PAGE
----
Can you talk a little bit about Fuller’s attitude toward fanworks, and how that has influenced the fandom and the way ‘Fannibals’ interact?
Yanes: In the chapter “Empathy for the Audience” by Nicole Wild, which is one of the many great chapters in Hannibal for Dinner, Wild discusses how the actors and creators of Hannibal often appreciated fanworks. The people behind Hannibal enjoying fanworks has been documented widely. This mindset helped create the Fannibal community we have today. The reason being that it was not fanworks versus the show; instead, it was fanworks being seen as an extension of the show.
Far too often, the companies that own entertainment IPs aggressively crack down on fanworks. For example, Star Trek fanworks have been the targets of several legal actions; the most recent one being Axanar – https://en.wikipedia.org/wiki/Prelude_to_Axanar#Lawsuit
With Fuller’s approach to Hannibal’s fan community, Fannibal fanworks are not seen as competition but as another form of ‘engagement.’ After all, for a group of people to take the time to write, read, and share fan fiction [and] erotica, then they are going to take the time to watch a show and encourage others to watch it as well.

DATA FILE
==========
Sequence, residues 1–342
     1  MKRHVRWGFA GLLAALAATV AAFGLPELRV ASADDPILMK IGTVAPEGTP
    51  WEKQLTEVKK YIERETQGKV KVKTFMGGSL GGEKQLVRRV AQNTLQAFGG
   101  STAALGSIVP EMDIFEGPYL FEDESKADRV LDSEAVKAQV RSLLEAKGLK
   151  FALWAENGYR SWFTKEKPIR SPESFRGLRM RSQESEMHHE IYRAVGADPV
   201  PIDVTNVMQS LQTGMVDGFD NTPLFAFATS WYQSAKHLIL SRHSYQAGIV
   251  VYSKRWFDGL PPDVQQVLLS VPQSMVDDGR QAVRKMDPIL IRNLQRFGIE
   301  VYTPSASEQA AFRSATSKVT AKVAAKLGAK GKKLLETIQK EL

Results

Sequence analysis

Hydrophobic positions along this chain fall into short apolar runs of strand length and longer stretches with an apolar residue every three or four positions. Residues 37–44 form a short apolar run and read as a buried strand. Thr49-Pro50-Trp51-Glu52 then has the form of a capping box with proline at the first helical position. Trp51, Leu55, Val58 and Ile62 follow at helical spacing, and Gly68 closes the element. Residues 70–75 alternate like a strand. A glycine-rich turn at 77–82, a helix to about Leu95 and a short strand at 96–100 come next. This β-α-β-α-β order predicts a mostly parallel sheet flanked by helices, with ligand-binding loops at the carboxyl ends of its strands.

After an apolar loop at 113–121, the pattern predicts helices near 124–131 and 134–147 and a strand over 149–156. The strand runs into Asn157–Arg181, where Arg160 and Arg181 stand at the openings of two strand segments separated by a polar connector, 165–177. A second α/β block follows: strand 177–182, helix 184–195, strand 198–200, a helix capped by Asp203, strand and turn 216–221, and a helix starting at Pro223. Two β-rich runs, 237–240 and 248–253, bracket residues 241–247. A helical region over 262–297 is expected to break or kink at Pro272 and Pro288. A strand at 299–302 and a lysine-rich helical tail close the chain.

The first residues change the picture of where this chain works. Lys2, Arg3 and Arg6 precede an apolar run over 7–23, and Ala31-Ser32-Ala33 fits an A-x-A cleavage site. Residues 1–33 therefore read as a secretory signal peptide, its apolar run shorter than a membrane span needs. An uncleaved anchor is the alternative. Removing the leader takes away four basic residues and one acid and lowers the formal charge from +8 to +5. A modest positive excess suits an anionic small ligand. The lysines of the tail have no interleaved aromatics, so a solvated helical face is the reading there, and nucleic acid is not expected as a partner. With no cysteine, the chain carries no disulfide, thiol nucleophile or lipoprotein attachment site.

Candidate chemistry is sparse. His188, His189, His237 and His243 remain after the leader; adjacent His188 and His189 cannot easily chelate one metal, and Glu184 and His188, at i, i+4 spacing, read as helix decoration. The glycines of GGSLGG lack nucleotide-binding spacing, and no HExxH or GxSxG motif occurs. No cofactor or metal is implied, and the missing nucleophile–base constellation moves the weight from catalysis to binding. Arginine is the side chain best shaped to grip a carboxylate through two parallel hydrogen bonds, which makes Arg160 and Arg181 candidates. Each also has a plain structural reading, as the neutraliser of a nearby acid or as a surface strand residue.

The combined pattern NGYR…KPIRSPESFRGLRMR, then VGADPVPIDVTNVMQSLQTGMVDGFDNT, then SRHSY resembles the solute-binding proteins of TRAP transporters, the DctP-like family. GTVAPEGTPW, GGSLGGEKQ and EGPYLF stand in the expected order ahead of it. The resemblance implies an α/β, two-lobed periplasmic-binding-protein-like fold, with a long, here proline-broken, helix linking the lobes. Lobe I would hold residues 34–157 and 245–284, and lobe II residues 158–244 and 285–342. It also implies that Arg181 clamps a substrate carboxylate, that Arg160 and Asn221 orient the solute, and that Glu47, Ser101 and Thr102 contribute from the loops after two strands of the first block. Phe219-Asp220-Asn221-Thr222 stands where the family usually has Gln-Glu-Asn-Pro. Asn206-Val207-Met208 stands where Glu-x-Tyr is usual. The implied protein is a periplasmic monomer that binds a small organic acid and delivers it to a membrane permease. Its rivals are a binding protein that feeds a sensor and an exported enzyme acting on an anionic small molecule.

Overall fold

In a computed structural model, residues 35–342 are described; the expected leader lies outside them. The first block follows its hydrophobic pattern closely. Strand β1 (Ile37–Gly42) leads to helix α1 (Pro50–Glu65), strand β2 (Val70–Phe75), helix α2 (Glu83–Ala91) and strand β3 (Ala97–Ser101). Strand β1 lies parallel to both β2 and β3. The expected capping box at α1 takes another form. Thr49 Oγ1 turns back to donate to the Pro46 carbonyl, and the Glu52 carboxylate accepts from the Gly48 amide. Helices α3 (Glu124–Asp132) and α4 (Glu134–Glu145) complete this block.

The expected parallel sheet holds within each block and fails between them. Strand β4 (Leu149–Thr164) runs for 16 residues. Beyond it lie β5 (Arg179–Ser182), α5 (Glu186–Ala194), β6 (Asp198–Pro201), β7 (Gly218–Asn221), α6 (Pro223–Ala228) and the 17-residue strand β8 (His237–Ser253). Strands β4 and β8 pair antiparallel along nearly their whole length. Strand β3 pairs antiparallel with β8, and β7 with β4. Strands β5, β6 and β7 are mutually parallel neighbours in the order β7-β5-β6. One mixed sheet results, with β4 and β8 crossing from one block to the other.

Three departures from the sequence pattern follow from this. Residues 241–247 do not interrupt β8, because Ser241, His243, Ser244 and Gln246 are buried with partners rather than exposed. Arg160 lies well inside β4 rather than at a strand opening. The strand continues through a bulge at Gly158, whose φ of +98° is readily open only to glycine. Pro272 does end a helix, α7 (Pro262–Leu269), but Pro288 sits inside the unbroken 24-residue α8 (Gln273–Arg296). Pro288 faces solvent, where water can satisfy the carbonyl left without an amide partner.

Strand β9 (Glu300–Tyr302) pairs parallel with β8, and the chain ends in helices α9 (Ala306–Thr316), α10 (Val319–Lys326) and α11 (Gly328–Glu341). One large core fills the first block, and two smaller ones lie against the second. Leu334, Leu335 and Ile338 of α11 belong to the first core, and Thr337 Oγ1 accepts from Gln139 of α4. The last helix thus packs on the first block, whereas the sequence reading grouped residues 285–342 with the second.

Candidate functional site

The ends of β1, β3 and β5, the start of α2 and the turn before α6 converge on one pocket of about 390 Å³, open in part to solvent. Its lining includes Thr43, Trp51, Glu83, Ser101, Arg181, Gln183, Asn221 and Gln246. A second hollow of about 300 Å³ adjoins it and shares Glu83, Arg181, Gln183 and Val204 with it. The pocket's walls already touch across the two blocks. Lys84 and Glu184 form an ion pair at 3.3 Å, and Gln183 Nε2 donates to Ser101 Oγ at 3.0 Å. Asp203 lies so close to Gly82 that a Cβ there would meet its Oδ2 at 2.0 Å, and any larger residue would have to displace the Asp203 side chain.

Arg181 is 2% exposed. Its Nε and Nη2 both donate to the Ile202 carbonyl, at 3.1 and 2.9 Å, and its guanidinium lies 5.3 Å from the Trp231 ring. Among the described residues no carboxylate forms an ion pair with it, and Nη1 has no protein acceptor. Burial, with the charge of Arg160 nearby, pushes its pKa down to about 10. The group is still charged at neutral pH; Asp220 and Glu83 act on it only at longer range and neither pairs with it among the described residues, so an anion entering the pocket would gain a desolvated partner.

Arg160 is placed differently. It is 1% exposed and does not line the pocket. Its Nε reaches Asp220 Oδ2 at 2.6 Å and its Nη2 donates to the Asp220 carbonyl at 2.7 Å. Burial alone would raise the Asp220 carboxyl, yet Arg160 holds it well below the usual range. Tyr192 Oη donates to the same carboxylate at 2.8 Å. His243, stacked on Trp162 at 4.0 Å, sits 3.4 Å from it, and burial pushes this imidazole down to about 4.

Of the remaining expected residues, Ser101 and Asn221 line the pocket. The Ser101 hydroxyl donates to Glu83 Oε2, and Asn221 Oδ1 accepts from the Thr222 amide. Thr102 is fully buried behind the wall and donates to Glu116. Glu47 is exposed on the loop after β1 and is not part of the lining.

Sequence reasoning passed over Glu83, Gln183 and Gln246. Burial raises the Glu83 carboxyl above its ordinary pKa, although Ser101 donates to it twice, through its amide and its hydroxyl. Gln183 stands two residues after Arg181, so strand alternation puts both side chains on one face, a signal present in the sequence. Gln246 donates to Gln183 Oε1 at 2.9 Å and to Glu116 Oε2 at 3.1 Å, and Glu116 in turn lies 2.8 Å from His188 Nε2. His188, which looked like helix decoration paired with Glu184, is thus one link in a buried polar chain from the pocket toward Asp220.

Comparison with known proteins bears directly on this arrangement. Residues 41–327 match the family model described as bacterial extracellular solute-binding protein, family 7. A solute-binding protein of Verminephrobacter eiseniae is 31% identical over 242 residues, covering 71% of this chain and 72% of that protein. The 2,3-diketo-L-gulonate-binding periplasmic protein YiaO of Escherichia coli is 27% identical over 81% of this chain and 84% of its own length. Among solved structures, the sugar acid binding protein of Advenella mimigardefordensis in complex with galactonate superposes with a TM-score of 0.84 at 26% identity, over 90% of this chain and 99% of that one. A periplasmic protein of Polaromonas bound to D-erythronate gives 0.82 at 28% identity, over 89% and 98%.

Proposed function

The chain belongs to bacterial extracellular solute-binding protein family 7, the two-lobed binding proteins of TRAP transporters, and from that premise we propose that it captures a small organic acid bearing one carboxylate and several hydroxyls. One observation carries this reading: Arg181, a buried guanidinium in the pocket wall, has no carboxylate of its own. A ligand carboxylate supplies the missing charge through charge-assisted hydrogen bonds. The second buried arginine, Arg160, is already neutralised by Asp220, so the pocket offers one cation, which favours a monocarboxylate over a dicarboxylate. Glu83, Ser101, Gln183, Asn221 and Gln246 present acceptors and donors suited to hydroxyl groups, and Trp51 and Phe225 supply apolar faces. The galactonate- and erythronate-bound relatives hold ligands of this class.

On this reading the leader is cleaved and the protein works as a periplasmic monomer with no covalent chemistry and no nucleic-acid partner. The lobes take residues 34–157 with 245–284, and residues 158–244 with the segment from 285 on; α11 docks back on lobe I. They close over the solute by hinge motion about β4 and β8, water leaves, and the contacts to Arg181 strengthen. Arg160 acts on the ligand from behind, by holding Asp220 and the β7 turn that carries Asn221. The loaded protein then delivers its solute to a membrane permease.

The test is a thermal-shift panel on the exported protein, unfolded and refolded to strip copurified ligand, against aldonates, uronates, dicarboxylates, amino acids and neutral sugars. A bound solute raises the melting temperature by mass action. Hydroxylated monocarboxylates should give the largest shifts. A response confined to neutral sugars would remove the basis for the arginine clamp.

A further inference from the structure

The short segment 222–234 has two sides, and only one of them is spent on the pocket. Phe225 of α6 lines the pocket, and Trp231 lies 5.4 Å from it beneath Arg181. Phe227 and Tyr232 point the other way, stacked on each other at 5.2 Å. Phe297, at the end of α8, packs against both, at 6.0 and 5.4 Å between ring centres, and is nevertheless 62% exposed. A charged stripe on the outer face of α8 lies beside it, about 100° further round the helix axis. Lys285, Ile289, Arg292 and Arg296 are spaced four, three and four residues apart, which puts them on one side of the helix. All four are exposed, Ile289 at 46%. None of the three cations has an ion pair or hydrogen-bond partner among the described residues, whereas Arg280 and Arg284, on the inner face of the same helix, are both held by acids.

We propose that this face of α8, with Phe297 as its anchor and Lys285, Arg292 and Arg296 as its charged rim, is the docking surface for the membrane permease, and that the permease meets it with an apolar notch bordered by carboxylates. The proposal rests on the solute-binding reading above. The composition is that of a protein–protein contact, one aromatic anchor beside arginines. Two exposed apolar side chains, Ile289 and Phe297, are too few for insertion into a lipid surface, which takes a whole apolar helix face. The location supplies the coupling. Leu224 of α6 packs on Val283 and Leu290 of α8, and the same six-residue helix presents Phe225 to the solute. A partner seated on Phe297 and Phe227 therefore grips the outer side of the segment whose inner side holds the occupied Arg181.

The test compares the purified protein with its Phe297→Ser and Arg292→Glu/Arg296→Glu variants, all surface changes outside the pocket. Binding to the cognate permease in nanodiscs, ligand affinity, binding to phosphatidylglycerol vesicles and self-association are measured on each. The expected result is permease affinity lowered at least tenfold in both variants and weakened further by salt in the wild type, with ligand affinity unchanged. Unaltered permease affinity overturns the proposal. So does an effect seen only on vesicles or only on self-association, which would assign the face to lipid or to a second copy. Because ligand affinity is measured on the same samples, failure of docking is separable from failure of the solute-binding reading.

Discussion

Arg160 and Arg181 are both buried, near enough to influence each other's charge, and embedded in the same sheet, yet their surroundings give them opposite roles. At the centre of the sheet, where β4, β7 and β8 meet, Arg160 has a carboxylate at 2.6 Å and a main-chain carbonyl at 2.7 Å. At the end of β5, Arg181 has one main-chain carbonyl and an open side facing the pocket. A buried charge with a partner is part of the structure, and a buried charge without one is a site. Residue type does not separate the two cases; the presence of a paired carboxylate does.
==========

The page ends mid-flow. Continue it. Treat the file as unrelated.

Is Fuller’s attitude a reflection of themes in the show itself, explicitly pushing boundaries of what is “okay” to depict even in fiction?
Yanes: The short answer, yes. The long answer, Fuller loved pushing boundaries (I want to make a Pushing Daisies pun, but couldn’t think of one) in Hannibal. Besides pushing Hannibal to the limits in regards to violence and sex, Hannibal thrived challenging the concepts of good and evil in the minds of viewers.